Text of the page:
Indemnification Clause

A properly worded indemnification clause is critical to reducing risk in a construction contract. An indemnification clause may include any, or all, of three distinct obligations, including to (1) indemnify, (2) defend, and (3) hold harmless the client.  Indemnify means to reimburse your client following a loss. 

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Chapter on Indemnification Clauses

Kent Holland’s chapter on indemnification clauses is included here.  Details include avoiding uninsurable losses.

Sample Indemnification Clause

Sample 1:

Consultant shall indemnify and hold harmless the Client, its officers, directors, employees, from and against those liabilities, damages and costs that Client is legally obligated to pay as a result of the death or bodily injury to any person or the destruction or damage to any property, to the extent caused by the willful misconduct, negligent act, error or omission of the Consultant or anyone for whom the Consultant is legally responsible, subject to any limitations of liability contained in this Agreement. Consultant will reimburse Client for reasonable defense costs for claims arising out of Consultant’s professional negligence based on the percentage of Consultant’s liability.

Sample 2: For California contracts must add that there is no duty to defend:

Consultant shall indemnify and hold harmless (but not defend) the Client, its officers, directors, employees, from and against those liabilities, damages and costs that Client is legally obligated to pay as a result of the death or bodily injury to any person or the destruction or damage to any property, to the extent caused by the willful misconduct, negligent act, error or omission of the Consultant or anyone for whom the Consultant is legally responsible, subject to any limitations of liability contained in this Agreement. Consultant will reimburse Client for reasonable defense costs for claims arising out of Consultant’s professional negligence based on the percentage of Consultant’s liability.

Sample 3: Instead of referencing BI and PD, reference “third party claims”

Consultant shall indemnify and hold harmless the Client, its officers, directors, employees, from and against those liabilities, damages and costs arising out of third party claims to the extent caused by the willful misconduct, negligent act, error or omission of the Consultant or anyone for whom the Consultant is legally responsible, subject to any limitations of liability contained in this Agreement. Consultant will reimburse Client for reasonable defense costs for claims arising out of Consultant’s professional negligence based on the percentage of Consultant’s liability.

Sample 4: Include a duty to defend in the main text for CGL type claims but add sentence at conclusion to carve out professional liability claims.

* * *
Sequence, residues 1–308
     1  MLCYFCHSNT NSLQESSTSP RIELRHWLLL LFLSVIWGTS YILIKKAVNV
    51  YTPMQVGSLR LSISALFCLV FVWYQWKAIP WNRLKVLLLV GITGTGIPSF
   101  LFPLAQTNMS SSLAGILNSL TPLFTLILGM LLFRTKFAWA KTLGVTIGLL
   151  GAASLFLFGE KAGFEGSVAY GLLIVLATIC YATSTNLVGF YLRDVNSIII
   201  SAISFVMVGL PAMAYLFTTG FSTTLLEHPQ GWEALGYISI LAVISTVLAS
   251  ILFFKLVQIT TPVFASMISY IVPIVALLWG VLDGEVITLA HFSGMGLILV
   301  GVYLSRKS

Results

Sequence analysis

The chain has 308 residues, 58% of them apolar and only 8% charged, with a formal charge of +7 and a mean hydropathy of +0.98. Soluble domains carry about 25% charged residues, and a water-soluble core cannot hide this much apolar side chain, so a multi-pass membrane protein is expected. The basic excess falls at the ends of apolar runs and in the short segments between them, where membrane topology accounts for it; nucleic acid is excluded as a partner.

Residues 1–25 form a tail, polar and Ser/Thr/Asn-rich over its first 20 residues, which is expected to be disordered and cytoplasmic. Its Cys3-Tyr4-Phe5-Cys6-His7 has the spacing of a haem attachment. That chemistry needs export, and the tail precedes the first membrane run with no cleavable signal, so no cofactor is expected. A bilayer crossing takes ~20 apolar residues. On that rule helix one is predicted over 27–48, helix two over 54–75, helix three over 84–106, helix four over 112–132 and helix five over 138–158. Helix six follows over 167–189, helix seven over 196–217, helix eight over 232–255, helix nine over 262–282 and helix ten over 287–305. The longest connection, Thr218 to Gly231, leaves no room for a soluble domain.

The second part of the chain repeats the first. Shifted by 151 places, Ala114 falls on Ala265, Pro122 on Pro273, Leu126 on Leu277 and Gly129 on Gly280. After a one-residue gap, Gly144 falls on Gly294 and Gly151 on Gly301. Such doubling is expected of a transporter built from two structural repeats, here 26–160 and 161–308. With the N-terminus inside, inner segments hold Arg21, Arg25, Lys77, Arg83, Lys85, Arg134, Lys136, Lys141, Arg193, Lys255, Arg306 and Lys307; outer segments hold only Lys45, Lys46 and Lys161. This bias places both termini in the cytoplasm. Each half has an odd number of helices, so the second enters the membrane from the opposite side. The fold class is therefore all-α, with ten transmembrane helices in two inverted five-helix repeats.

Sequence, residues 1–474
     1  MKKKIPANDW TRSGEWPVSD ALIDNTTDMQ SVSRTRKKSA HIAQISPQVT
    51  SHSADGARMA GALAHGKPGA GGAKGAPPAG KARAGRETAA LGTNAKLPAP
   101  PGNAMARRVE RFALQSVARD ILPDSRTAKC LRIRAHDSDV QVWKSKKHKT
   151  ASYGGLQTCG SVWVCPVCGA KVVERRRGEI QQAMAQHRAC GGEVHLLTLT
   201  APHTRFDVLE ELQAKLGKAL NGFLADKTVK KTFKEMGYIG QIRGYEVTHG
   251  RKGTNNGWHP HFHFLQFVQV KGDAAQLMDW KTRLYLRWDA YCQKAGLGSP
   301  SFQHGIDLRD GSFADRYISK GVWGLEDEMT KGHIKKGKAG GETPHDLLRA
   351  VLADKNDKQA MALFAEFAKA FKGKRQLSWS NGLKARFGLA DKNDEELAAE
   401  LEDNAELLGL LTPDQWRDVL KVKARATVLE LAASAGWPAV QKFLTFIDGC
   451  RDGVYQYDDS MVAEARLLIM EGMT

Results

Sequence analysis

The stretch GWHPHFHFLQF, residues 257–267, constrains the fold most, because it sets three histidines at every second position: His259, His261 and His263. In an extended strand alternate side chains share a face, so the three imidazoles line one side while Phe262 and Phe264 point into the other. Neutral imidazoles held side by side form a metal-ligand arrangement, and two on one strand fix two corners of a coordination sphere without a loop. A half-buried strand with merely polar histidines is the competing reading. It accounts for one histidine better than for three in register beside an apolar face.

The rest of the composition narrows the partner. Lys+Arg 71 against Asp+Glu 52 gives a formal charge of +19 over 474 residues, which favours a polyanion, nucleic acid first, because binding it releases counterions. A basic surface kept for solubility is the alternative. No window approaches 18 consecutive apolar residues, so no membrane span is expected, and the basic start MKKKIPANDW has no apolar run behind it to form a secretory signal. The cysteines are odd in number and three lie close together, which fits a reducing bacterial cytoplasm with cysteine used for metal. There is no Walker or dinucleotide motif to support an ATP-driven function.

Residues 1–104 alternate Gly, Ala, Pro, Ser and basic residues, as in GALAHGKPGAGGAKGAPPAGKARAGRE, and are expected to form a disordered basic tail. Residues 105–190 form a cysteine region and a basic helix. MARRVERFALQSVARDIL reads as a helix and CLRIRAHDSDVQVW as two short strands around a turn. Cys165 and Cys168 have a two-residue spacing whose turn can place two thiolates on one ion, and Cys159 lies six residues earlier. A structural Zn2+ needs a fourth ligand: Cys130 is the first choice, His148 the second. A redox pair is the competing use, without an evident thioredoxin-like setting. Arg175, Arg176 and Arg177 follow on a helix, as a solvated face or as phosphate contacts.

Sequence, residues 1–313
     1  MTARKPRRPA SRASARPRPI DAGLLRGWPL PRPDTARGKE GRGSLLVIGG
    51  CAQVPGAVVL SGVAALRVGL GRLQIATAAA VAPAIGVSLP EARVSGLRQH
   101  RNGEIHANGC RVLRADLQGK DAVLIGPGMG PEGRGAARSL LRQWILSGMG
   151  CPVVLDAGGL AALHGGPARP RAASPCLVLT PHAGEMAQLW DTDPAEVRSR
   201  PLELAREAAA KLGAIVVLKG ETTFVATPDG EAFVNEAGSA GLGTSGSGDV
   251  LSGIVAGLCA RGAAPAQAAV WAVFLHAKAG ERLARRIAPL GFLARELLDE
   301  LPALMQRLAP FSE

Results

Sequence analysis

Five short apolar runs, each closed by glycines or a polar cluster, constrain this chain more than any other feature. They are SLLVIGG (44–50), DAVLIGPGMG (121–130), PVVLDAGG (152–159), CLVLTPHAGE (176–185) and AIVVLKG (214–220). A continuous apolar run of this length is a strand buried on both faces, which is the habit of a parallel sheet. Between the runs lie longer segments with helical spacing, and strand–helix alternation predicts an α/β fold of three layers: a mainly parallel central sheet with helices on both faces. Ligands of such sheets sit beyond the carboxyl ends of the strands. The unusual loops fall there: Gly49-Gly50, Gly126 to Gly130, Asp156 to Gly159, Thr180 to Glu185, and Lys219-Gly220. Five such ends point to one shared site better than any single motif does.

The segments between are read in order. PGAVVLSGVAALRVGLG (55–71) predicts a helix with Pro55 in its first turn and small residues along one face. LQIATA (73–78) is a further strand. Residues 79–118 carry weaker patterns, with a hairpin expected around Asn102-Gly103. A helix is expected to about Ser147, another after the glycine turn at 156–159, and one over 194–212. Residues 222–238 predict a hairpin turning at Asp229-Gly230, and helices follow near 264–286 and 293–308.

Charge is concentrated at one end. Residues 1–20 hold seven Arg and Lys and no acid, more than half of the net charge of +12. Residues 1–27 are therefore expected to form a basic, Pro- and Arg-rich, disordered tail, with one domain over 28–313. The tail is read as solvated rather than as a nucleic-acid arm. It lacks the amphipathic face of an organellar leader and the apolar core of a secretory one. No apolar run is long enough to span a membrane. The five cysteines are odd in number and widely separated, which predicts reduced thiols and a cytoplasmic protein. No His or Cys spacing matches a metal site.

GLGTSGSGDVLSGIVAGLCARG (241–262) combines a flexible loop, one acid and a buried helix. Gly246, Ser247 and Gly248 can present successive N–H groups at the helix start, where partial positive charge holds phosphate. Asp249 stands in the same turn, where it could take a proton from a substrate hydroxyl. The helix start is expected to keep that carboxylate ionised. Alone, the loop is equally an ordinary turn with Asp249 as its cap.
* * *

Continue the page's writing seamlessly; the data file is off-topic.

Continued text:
Consultant shall indemnify, defend and hold harmless the Client, its officers, directors, employees, from and against those liabilities, damages and costs arising out of third party claims to the extent caused by the willful misconduct, negligent act, error or omission of the Consultant or anyone for whom the Consultant is legally responsible, subject to any limitations of liability contained in this Agreement. Consultant will reimburse Client for reasonable defense costs for claims arising out of Consultant’s professional negligence based on the percentage of Consultant’s liability. The duty to defend shall not apply to professional liability claims.

Sample 5: A different way to address defense obligations:

The foregoing defend, hold harmless and indemnity obligations of this paragraph shall apply solely to any such causes of action, damages, costs, expenses or defense obligations covered by Consultant’s Insurance specified in this Agreement.

Sample 6: Instead of agreeing to indemnify for all damages, including reasonable attorneys fees, strike out the attorneys fees in the body of the indemnity clause and use the simple one sentence shown in the above examples for attorneys fees or use the following:

Consultant agrees to reimburse Client for reasonable defense costs, provided however that such obligation is limited to the portion of such costs equal to the percentage of Consultant’s liability as ultimately determined to be caused by the willful misconduct or negligence of Consultant using principles of comparative fault.

Recommended Reading on Indemnity

The Changing Face of Indemnity  By Brian K. Stewart, Esq., Collins, Collins, Muir + Stewart, LLP

Indemnification Clause Articles from ConstructionRisk.com Reports

What Constitutes a Claim Triggering Indemnification Duty?

Kent Holland, Esq. ConstructionRisk Counsel, PLLC After a contractor settled a construction defect claim with the project owner, it sought indemnity from its subcontractor for the costs incurred in rectifying the construction.  The subcontractor successfully argued in...

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